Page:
Thursday, April 5, 2012

Give Glory in the Midst of Trouble

[To the chief Musician, Altas'chith, Michtam of David, when he fled from Saul in the cave]

1 Be merciful unto me, O God, be merciful unto me: for my soul trusteth in thee: yea, in the shadow of thy wings will I make my refuge, until these calamities be overpast.

2 I will cry unto God most high; unto God that performeth all things for me.

3 He shall send from heaven, and save me from the reproach of him that would swallow me up. Selah. God shall send forth his mercy and his truth.

4 My soul is among lions: and I lie even among them that are set on fire, even the sons of men, whose teeth are spears and arrows, and their tongue a sharp sword.

5 Be thou exalted, O God, above the heavens; let thy glory be above all the earth.

6 They have prepared a net for my steps; my soul is bowed down: they have digged a pit before me, into the midst whereof they are fallen themselves. Selah.

7 My heart is fixed, O God, my heart is fixed: I will sing and give praise.

8 Awake up, my glory; awake, psaltery and harp: I myself will awake early.

9 I will praise thee, O Lord, among the people: I will sing unto thee among the nations.

10 For thy mercy is great unto the heavens, and thy truth unto the clouds.

11 Be thou exalted, O God, above the heavens: let thy glory be above all the earth.

—Psalm 57 KJV Bible

This is a psalm of David, in the song, David prays to God regarding David’s flight from Saul, who wanted to kill David. The psalm superscription says it is about the time that David fled from Saul and hid in the cave. This may be a reference to the events in 1 Samuel 24, when David and his troupes hid in a cave from Saul and his army, only to have Saul, unknowingly, walk into that very cave. If these are the events to which the psalm refers, it is not certain whether David completed the psalm before Saul happened upon the cave, or after. If before, then the latter half of the psalm would be David’s hope of deliverance. If after, then the latter half of the psalm reflects David’s joy at his actual deliverance from Saul’s pursuit.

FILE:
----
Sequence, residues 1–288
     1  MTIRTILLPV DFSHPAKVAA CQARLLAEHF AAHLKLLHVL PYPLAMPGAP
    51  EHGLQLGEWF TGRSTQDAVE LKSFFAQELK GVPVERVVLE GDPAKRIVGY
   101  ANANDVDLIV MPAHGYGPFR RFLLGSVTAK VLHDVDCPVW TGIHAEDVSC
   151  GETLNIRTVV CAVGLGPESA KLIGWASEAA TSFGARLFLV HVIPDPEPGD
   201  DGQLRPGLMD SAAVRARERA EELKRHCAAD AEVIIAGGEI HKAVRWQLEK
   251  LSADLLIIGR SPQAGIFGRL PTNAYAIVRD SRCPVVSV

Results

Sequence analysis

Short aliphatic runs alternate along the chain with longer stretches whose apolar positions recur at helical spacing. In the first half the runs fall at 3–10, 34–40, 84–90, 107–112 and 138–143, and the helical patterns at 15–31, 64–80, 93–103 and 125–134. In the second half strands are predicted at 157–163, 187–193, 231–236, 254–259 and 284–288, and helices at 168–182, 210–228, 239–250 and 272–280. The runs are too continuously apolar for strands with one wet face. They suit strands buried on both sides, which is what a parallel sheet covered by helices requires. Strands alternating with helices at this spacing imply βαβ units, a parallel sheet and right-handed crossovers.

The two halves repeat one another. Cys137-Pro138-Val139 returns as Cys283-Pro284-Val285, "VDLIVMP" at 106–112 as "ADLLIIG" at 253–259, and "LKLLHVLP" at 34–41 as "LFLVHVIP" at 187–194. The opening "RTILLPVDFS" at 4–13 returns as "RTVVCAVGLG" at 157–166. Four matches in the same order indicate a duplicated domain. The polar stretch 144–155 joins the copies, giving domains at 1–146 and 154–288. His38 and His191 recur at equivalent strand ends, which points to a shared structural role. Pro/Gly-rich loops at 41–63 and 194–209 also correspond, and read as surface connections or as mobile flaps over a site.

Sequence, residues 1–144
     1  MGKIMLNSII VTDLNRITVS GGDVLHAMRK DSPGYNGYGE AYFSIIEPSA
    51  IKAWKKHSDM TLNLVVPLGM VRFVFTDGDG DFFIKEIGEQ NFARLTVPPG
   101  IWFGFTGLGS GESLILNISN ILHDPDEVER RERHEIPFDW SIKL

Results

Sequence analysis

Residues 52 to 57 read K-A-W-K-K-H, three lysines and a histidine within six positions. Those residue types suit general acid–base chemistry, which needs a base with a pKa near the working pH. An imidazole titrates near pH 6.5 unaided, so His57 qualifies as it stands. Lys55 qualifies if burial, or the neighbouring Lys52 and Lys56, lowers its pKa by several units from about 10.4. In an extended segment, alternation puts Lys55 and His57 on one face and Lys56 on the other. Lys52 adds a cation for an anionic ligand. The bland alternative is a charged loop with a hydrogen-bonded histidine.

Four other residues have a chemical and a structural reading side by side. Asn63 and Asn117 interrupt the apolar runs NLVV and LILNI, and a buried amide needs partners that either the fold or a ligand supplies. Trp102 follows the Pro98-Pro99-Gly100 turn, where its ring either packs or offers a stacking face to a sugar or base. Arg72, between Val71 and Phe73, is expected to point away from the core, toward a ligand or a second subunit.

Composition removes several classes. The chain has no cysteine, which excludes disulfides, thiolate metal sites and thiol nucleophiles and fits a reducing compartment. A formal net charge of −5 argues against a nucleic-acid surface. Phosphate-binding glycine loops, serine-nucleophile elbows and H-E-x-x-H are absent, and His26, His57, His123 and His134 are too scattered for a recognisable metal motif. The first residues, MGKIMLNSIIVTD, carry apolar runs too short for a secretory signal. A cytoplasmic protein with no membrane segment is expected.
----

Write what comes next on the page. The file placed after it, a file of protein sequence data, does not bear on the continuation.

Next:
The psalm superscription says that it is to be set to "Altas'chith"—Hebrew, meaning “do not destroy.” It is thought to be the title of a melody to which the psalm was to be performed. The reference also appears in Psalms 58, 59 and 75.

The psalm superscription describes it as the Hebrew “Mikhtam.” The meaning is uncertain. It is apparently derived from a verb meaning "to cover," and may indicate that the psalm deals with protection (covering) from one's enemies or that the psalm is to be recited silently—for example, with lips covering the mouth. This word is used in the superscriptions of Psalms 16 and 56 through 60.

The Hebrew "selah" is used in verses 3 and 6 of the psalm. The word is thought to be a musical notation to the choir director and musicians. It loosely translates as a break in the song or an instruction to pause and reflect, perhaps with a musical interlude. Some translators suggest the phrase "stop and listen." Others say that a more concise translation would be "let those with eyes see and with ears hear." The word "selah" has been compared to the word "amen" in that it stresses to the listener the importance of the preceding passage. The word "selah" is used in thirty-nine of the psalms.

In verses 1 through 6, David prays to God for deliverance. David addresses God as the one who does all things for David. In verse 3, David characterizes God using the Hebrew “hesed”—the faithful, everlasting, covenant love of God. This is variously translated as “lovingkindness,” “kindness,” “love,” and “mercy.” In verses 4 through 6, David describes Saul’s pursuing army as vicious and hungry lions that are surrounding David. David asks God to exalt and glorify Himself over the earth through His actions to deliver David. David then declares that though is enemy has prepared a trap for David, God will cause David’s enemy to fall into their own trap.

In verses 7 through 11, David praises God for delivering him. David expresses his confidence and joy in the Lord, intending to make music so loudly that it would cause even the sun to come up. David pledges to praise and glorify God among the unbelieving nations for God’s great love and faithfulness.

Father, when I feel surrounded by enemies bent on my destruction, help me to take joy in You. Remind me that whatever happens, You are with me. I praise and thank You for Your certain deliverance. May Your name be glorified over all the earth.


No comments:

Post a Comment